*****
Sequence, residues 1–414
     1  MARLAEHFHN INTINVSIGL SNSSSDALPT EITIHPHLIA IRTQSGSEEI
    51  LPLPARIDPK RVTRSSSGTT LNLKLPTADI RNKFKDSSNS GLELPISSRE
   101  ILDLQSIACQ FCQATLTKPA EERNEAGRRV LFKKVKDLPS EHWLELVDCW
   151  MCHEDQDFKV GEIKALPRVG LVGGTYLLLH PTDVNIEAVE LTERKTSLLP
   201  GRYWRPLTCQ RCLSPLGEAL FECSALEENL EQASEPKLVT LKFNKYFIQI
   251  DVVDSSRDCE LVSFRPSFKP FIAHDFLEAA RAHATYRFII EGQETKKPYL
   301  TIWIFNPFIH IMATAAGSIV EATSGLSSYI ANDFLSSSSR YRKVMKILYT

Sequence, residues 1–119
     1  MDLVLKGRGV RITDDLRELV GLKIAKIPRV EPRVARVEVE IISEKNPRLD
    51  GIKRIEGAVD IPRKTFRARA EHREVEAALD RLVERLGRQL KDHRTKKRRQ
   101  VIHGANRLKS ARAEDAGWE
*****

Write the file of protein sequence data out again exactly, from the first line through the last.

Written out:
Sequence, residues 1–414
     1  MARLAEHFHN INTINVSIGL SNSSSDALPT EITIHPHLIA IRTQSGSEEI
    51  LPLPARIDPK RVTRSSSGTT LNLKLPTADI RNKFKDSSNS GLELPISSRE
   101  ILDLQSIACQ FCQATLTKPA EERNEAGRRV LFKKVKDLPS EHWLELVDCW
   151  MCHEDQDFKV GEIKALPRVG LVGGTYLLLH PTDVNIEAVE LTERKTSLLP
   201  GRYWRPLTCQ RCLSPLGEAL FECSALEENL EQASEPKLVT LKFNKYFIQI
   251  DVVDSSRDCE LVSFRPSFKP FIAHDFLEAA RAHATYRFII EGQETKKPYL
   301  TIWIFNPFIH IMATAAGSIV EATSGLSSYI ANDFLSSSSR YRKVMKILYT

Sequence, residues 1–119
     1  MDLVLKGRGV RITDDLRELV GLKIAKIPRV EPRVARVEVE IISEKNPRLD
    51  GIKRIEGAVD IPRKTFRARA EHREVEAALD RLVERLGRQL KDHRTKKRRQ
   101  VIHGANRLKS ARAEDAGWE